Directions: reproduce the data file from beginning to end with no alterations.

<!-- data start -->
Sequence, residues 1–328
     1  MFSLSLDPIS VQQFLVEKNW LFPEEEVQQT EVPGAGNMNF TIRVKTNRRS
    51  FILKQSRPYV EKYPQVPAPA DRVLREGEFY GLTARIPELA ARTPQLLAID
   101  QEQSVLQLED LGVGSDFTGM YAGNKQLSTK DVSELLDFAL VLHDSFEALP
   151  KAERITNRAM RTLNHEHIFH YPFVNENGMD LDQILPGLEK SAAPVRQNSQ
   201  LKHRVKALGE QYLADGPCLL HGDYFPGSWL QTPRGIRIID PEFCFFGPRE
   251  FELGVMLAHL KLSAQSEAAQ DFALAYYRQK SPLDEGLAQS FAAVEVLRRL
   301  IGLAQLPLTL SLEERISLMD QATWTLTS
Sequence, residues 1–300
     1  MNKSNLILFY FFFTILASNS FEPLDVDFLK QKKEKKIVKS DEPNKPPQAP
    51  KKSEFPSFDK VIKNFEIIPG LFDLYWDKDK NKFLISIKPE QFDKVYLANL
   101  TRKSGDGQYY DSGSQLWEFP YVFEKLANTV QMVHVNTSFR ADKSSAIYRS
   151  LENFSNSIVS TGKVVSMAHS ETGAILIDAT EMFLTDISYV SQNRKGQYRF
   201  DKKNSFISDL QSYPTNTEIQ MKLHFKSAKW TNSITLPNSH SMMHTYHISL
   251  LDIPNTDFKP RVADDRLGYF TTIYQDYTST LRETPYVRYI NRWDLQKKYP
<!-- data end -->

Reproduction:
Sequence, residues 1–328
     1  MFSLSLDPIS VQQFLVEKNW LFPEEEVQQT EVPGAGNMNF TIRVKTNRRS
    51  FILKQSRPYV EKYPQVPAPA DRVLREGEFY GLTARIPELA ARTPQLLAID
   101  QEQSVLQLED LGVGSDFTGM YAGNKQLSTK DVSELLDFAL VLHDSFEALP
   151  KAERITNRAM RTLNHEHIFH YPFVNENGMD LDQILPGLEK SAAPVRQNSQ
   201  LKHRVKALGE QYLADGPCLL HGDYFPGSWL QTPRGIRIID PEFCFFGPRE
   251  FELGVMLAHL KLSAQSEAAQ DFALAYYRQK SPLDEGLAQS FAAVEVLRRL
   301  IGLAQLPLTL SLEERISLMD QATWTLTS
Sequence, residues 1–300
     1  MNKSNLILFY FFFTILASNS FEPLDVDFLK QKKEKKIVKS DEPNKPPQAP
    51  KKSEFPSFDK VIKNFEIIPG LFDLYWDKDK NKFLISIKPE QFDKVYLANL
   101  TRKSGDGQYY DSGSQLWEFP YVFEKLANTV QMVHVNTSFR ADKSSAIYRS
   151  LENFSNSIVS TGKVVSMAHS ETGAILIDAT EMFLTDISYV SQNRKGQYRF
   201  DKKNSFISDL QSYPTNTEIQ MKLHFKSAKW TNSITLPNSH SMMHTYHISL
   251  LDIPNTDFKP RVADDRLGYF TTIYQDYTST LRETPYVRYI NRWDLQKKYP